How to Request Removal of Your Name from Utah’s Sex and Kidnap Offender Registry

Utah is one of the states that has both a lifetime and limited requirement for registration on the Sex and Kidnap Offender Registry. This means that there are various circumstances and timelines under which an individual may be eligible for removal from the registry.

We know that spending a lifetime on the registry can hinder rehabilitation and growth for those who genuinely strive to change, and we are here to support you. Below is a rundown of the ways someone might get off the registry. If you have any questions, our dedicated legal team is ready to help.

There is a set list of crimes in Utah for which registration is no longer required Those crimes are

Of course, removal related to these crimes hinges on various expectations, which include things like completing treatment and having no new offenses. The full details can be found on the Utah State Legislature’s website.

If you qualify for removal based on a conviction of the above listed crimes, the Department of Corrections may notify you in writing that you are no longer required to register. However, if you believe you qualify for removal and your name has not been removed, you can contact the Department of Corrections at and ask them to remove your name. That will start the process of the department confirming your status and eligibility. Once they determine your eligibility for removal, they will contact you within 30–60 days with their decision.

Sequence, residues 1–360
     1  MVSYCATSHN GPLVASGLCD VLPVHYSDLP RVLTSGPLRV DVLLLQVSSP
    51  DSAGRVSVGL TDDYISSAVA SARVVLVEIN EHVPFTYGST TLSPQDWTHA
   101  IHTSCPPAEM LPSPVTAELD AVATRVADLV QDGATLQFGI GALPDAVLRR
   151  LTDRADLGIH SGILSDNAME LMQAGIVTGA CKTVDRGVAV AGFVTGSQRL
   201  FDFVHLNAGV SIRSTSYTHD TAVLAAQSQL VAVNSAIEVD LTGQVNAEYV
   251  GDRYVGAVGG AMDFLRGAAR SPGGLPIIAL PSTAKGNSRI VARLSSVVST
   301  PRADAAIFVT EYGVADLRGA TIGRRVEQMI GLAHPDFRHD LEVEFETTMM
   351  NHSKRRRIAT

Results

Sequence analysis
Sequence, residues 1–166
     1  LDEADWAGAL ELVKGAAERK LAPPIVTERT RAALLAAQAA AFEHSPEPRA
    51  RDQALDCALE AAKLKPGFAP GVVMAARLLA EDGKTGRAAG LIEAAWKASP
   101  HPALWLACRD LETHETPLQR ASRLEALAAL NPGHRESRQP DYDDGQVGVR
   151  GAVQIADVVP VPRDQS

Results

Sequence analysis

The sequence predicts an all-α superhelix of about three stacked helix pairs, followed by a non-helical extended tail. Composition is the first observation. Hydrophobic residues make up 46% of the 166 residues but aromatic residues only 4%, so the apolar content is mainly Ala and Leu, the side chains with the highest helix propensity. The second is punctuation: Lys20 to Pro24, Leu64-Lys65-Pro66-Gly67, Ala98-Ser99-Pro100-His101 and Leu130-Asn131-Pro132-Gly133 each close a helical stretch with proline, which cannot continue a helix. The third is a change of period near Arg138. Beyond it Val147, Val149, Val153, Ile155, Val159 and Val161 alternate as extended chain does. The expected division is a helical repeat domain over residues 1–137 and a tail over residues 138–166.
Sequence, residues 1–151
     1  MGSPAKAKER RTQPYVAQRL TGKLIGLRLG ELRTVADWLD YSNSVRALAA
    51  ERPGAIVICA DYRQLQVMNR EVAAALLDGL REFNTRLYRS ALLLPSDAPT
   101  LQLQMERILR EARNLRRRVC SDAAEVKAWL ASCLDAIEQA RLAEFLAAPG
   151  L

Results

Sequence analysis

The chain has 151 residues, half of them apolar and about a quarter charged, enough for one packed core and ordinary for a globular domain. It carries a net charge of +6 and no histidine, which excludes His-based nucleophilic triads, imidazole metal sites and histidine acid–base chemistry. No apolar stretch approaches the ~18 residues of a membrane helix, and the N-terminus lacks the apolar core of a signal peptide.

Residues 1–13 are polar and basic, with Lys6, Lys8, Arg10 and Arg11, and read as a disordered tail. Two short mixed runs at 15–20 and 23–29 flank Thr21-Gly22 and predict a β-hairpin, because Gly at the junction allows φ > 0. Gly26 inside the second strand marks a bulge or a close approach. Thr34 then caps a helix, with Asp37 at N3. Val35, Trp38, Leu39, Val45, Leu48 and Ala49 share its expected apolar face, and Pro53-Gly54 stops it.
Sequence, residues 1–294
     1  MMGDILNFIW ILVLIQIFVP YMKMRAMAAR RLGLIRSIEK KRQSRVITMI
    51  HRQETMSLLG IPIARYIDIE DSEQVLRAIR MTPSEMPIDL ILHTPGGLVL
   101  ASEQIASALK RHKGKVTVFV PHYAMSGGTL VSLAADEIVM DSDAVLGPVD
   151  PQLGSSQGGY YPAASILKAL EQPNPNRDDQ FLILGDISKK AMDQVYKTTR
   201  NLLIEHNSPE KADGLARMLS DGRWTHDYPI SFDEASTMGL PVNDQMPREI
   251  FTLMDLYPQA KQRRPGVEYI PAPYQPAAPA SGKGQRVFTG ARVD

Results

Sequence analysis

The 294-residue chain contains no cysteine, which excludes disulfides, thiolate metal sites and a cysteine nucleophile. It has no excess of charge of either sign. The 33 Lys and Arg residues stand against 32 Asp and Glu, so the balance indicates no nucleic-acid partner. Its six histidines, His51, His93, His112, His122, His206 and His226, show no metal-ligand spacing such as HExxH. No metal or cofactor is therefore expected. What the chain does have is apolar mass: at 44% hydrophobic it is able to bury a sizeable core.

Removal by Pardon

If you were convicted of a crime that required you to register as a sex offender and then granted a pardon by the Board of Pardons, you qualify for removal from the registry. The Board of Pardons will instruct the Department of Corrections to remove your name and information relating to the pardoned conviction.

Removal by Request

If you have been convicted of a crime that is not listed above, you may still be able to request removal of your name. Fair warning, this process has many steps and can be complicated. For that reason, we recommend consulting with an expert defense lawyer who can help you understand your eligibility and complete the process.

If you have consulted an experienced legal representative and decide to move forward with a petition for removal, the steps are as follows.

  1. Determine if you qualify
  2. Apply for a certificate of eligibility
  3. File the petition with the court
  4. Deliver a copy of the petition to the office of the prosecutor that handled the original case
  5. Attend all scheduled hearings

For more information about who might qualify and what the petition process entails, you can visit the Utah Courts website.

Closing note on petition denials: 

Keep in mind that if you are registered on a limited basis and you submit a petition for removal that is denied, you will have to wait three years to try again. If you are required to be on the registry for life and you submit a petition for removal that is denied, you will have to wait eight years to try again.

Finding an Experienced Defense Lawyer

As we mentioned before, the process for removing your name from Utah’s Sex and Kidnap Offender Registry can be complicated. Even for those who believe they qualify for automatic renewal, it’s helpful to have insight from an experienced lawyer. The legal team at Brown, Bradshaw & Moffat have decades of experience dealing with the sex offender registry and defending the rights of those who are required to register. We are ready to help you fight back and move forward.

Call us today at (801) 532-5297 for a free consultation for your case or a loved one’s case.

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